This is one for the “funny-but-actually-quite-mad” pile:
The outbreak of swine flu should be renamed “Mexican” influenza in deference to Muslim and Jewish sensitivities over pork, said an Israeli health official Monday. Deputy Health Minister Yakov Litzman said the reference to pigs is offensive to both religions and “we should call this Mexican flu and not swine flu,” he told a news conference at a hospital in central Israel. Both Judaism and Islam consider pigs unclean and forbid the eating of pork products.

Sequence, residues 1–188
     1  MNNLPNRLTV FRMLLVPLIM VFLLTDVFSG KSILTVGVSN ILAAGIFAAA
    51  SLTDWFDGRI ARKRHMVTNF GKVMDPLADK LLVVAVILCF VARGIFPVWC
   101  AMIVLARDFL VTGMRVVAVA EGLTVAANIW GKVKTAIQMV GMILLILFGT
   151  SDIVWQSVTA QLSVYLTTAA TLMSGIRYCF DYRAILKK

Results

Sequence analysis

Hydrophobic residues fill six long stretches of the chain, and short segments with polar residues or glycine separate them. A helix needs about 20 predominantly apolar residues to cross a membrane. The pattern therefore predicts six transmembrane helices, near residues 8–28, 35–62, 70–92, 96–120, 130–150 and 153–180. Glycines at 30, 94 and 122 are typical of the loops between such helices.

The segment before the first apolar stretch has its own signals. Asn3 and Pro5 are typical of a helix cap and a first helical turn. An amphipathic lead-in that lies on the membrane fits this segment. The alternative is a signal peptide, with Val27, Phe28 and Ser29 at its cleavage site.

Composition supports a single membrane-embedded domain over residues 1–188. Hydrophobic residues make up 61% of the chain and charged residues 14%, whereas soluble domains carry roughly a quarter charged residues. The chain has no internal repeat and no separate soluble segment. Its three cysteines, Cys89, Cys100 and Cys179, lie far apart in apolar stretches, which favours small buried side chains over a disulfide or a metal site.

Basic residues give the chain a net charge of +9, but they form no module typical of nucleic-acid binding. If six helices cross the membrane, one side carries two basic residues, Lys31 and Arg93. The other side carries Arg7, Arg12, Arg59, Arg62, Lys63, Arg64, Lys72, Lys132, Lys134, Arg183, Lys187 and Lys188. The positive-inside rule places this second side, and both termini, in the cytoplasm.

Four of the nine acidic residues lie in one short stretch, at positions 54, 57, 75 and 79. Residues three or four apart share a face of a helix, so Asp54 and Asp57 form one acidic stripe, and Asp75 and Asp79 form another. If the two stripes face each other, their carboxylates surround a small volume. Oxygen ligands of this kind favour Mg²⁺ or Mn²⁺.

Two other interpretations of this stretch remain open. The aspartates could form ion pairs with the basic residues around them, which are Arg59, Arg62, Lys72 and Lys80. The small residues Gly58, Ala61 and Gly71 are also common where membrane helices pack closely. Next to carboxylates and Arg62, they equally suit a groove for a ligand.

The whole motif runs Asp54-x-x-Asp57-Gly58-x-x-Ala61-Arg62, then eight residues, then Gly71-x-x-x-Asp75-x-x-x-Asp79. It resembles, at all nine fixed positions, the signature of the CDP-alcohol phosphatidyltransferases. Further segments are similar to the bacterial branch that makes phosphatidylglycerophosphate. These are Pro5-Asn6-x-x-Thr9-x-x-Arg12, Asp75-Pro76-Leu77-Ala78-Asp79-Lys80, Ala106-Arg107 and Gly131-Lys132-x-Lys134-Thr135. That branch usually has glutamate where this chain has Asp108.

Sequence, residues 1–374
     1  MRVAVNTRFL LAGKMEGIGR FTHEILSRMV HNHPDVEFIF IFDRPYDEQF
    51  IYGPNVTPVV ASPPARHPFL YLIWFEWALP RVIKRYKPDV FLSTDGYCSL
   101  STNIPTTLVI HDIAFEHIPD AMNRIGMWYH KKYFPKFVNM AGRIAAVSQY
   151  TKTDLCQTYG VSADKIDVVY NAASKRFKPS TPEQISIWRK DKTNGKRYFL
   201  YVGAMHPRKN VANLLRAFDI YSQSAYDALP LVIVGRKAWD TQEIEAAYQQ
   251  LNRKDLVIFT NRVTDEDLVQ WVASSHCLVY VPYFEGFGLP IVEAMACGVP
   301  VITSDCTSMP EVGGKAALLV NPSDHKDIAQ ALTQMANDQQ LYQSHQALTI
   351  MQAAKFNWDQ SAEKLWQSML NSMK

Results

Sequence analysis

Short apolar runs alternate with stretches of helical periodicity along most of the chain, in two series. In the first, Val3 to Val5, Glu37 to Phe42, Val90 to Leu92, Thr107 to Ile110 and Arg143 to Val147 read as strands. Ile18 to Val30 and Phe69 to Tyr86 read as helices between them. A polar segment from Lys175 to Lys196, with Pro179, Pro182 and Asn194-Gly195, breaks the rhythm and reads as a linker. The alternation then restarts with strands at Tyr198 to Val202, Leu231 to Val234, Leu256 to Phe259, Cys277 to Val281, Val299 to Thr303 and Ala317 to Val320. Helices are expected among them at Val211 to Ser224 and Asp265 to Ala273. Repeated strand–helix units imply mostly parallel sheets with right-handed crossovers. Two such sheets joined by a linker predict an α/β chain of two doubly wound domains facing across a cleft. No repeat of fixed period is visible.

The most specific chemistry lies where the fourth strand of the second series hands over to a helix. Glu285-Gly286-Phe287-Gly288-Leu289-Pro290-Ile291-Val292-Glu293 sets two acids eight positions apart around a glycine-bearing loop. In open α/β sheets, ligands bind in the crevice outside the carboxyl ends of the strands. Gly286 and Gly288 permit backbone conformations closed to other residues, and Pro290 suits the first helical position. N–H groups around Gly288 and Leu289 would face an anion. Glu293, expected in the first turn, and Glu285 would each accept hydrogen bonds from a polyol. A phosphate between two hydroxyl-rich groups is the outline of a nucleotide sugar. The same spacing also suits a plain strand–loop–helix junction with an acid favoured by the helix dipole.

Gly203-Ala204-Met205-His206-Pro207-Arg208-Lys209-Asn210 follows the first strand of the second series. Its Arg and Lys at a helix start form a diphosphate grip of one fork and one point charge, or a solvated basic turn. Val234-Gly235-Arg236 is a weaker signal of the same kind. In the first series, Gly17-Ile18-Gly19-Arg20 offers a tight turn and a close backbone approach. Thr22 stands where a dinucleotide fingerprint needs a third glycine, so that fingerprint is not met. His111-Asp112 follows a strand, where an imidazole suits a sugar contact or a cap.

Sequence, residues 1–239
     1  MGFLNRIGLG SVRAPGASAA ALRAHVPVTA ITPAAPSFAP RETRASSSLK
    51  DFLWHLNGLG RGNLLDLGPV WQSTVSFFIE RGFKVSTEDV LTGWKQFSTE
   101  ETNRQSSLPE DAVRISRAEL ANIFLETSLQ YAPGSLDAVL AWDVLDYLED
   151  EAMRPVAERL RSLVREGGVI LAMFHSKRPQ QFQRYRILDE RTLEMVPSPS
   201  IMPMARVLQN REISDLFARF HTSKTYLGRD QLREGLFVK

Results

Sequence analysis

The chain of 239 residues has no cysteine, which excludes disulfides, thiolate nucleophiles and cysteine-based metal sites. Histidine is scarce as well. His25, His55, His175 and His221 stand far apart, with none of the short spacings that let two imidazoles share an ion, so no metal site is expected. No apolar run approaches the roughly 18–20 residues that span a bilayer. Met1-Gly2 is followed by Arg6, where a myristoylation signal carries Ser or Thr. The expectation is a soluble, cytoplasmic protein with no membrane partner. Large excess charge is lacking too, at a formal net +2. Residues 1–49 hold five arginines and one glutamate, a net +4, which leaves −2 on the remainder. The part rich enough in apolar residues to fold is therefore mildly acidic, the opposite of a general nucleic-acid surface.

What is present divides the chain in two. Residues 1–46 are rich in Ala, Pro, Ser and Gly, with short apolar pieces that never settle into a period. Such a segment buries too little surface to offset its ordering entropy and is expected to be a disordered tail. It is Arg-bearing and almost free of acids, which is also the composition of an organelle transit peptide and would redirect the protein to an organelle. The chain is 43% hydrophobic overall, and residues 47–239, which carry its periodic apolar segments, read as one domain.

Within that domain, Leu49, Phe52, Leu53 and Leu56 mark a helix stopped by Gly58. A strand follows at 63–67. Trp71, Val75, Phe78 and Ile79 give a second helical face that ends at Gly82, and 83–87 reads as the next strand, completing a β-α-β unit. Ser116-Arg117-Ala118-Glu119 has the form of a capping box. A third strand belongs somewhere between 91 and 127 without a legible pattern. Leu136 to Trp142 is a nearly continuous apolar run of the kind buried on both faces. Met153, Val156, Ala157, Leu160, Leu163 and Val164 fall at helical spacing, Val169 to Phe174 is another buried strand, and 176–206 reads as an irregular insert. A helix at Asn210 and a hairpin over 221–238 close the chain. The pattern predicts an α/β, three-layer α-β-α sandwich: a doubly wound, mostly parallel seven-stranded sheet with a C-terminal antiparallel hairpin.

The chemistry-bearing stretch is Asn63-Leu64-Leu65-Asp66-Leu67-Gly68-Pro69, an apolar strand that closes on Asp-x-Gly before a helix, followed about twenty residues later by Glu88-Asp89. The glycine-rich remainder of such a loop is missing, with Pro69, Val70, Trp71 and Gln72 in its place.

Let’s set aside for a moment objections that the virus in question – a mongrel strain of H1N1 - has more to do with pigs than with Mexico as a whole, or indeed with Mexicans, as some might infer from the suggested renaming. Let’s also set aside the fact the virus has been found in the US, Canada, Spain, New Zealand and the UK, and has genetic elements of at least three other animal flu viruses found in North America, Asia and Europe. Let’s put that out of our minds and grapple with the much more pressing issue: When did the mere “reference to pigs” – i.e. the word “swine” - become such a trial for the devout? Will the indignity never end? And is the aforementioned “sensitivity” something to do with the fact that transmission from pigs to humans suggests a genetic commonality of some kind? I think we should be told.